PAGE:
Discover Your Island

Dr. Chris Bird

An Outstanding Islander

Outline photo of Dr. Chris Bird

Cutting Costs for Cutting-Edge Research

Dr. Chris Bird is part of a team of researchers who can now look at the DNA of a wide range of animals and see how the genes in populations of oysters can change from yesterday to today.

Bird, Assistant Professor of Biology at Texas A&M University-Corpus Christi, and his colleagues, have created a new simplified process called ezRAD, a unique approach to genotyping that allows labs to conduct research with little technical knowledge that could potentially save more than $100,000 in laboratory equipment.

“We are really putting Texas A&M University-Corpus Christi on the map in the field of population genomics,” said Bird. “We are bringing high-tech, cutting edge research right here to Corpus Christi.”

ezRAD allows researchers at the Island University to ask questions on how human activities are affecting the genetic structure of an animal’s population. Bird says that because they can sequence so much of the genome in hundreds of individuals at a low cost, they can detect how populations are responding to natural and human-induced pressures. This information can potentially affect the management of economically important species in Texas, like oysters and red snapper.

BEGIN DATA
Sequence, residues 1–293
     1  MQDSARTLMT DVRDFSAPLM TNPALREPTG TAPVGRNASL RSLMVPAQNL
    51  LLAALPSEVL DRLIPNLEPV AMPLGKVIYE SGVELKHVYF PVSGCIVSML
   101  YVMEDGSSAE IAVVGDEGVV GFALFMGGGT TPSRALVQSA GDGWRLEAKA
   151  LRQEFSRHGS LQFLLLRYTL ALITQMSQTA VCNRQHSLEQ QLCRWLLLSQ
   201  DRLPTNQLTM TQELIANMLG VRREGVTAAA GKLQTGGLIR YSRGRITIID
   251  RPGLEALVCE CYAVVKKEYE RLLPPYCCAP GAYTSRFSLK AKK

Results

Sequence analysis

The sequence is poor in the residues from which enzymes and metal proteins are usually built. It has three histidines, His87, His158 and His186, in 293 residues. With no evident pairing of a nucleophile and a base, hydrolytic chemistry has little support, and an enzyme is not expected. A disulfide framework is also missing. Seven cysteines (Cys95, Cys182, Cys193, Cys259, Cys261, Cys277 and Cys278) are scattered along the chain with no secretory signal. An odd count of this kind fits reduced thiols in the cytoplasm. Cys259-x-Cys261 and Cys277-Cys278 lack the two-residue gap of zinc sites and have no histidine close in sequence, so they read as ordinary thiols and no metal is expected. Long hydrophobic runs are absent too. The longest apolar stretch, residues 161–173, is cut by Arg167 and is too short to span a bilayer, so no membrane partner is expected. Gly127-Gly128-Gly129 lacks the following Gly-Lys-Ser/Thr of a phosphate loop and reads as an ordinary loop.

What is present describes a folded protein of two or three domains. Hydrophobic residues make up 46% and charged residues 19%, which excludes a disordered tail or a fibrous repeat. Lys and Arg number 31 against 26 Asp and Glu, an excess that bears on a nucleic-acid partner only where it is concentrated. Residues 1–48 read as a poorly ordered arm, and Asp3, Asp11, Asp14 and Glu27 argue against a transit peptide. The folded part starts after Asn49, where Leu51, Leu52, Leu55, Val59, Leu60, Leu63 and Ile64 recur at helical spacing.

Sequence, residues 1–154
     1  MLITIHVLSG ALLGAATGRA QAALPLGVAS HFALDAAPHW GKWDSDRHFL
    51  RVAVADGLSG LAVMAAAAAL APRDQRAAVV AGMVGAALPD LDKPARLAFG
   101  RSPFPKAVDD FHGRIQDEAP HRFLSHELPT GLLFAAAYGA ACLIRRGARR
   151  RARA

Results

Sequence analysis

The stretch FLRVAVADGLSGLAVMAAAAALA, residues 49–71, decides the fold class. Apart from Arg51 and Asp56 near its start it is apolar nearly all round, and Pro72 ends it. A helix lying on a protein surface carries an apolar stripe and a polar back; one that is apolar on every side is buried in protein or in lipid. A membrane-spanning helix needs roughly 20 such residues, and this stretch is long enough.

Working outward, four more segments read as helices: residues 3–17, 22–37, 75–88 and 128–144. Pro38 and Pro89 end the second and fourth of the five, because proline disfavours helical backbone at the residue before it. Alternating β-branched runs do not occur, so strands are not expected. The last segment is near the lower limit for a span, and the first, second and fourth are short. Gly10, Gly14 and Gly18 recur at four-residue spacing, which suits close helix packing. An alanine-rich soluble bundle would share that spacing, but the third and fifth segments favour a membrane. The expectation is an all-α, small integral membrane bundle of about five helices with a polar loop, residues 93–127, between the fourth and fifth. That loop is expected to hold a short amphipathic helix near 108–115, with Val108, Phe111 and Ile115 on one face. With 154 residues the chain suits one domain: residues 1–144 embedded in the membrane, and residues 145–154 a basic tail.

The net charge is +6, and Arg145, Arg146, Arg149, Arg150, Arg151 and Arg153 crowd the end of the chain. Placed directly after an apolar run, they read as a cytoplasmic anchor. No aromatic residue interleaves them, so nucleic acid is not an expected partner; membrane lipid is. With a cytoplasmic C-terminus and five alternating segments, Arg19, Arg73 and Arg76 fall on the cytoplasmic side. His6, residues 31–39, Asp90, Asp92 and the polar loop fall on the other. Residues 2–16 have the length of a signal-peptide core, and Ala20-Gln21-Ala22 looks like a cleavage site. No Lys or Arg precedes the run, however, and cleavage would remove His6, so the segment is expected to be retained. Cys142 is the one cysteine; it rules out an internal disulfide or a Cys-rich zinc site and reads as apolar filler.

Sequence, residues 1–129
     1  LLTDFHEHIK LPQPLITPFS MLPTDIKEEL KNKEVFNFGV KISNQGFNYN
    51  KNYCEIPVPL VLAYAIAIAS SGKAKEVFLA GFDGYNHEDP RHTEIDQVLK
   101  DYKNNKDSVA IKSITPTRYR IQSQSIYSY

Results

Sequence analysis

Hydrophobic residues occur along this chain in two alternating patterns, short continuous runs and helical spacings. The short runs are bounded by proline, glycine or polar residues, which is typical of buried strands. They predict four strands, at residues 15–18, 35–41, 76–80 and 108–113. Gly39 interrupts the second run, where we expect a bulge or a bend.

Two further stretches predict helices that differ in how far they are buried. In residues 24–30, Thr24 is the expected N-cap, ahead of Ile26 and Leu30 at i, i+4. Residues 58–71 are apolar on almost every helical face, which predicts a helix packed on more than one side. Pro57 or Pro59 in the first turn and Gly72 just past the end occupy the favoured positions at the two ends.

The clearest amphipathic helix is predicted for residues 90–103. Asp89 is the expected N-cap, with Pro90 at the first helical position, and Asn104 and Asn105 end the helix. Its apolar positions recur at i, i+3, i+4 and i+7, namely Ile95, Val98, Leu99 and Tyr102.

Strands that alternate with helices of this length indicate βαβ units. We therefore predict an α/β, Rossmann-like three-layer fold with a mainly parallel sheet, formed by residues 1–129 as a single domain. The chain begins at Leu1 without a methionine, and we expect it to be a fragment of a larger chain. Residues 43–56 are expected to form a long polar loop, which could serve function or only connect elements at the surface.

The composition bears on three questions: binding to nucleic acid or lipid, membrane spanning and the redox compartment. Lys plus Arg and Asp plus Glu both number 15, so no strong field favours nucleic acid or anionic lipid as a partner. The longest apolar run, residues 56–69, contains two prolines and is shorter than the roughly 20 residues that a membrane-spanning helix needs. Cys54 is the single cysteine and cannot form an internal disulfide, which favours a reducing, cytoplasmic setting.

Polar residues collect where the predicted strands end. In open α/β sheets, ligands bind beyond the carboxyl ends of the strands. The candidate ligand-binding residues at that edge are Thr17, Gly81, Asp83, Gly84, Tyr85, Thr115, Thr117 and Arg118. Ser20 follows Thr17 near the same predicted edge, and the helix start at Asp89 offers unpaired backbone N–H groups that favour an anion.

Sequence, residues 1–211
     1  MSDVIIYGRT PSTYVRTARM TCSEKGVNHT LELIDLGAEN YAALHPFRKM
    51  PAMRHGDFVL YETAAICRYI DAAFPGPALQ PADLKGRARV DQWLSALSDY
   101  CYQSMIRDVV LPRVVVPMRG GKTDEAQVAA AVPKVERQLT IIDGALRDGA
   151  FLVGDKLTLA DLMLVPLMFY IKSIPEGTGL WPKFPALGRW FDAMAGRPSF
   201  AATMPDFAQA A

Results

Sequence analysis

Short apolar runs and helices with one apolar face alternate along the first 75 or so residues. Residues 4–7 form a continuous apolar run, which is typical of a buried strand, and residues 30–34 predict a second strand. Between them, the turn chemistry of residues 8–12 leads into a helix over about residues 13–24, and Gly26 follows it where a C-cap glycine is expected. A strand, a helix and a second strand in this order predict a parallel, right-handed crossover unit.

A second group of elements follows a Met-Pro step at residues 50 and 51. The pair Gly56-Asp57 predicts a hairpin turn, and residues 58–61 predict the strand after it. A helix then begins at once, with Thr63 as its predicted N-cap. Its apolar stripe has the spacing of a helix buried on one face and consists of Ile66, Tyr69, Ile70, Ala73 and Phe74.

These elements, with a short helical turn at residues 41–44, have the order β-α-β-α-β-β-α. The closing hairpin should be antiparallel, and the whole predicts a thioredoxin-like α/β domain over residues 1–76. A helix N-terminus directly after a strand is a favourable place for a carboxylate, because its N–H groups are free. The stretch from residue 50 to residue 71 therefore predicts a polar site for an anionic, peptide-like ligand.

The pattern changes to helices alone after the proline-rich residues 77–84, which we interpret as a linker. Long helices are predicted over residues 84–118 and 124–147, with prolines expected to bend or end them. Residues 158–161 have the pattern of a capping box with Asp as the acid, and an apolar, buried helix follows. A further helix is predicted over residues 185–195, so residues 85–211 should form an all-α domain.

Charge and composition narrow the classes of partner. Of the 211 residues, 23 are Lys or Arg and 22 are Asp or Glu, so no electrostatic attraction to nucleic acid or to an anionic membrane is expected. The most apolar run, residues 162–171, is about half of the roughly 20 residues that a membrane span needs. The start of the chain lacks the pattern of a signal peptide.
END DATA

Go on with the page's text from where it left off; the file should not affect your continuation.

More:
“Instead of asking what happened in a population’s genome over the past 1,000 years, we can ask questions that are impacting populations today,” said Bird. “Because we can see so much of an animal’s DNA, we can now ask what has changed today compared to yesterday.”

With the assistance of his co-authors; Dr. Robert J. Toonen of the Hawaii Institute of Marine Biology, and Jonathan B. Puritz, a post-doctoral student at Texas A&M University-Corpus Christi, Bird has developed an easy way for scientists to look at organism’s genes. Costly traditional methods for genotyping required researchers to work with model organisms that have well-developed genomic resources.

However, Bird uses restriction enzymes that can recognize particular sequences of nucleotides in an organism’s DNA. They then sequence the DNA on either side of the restriction cut sites.

“We have sequenced everything from sea stars to dolphins and the new process worked,” said Bird. “It worked the first time and it has worked every time.”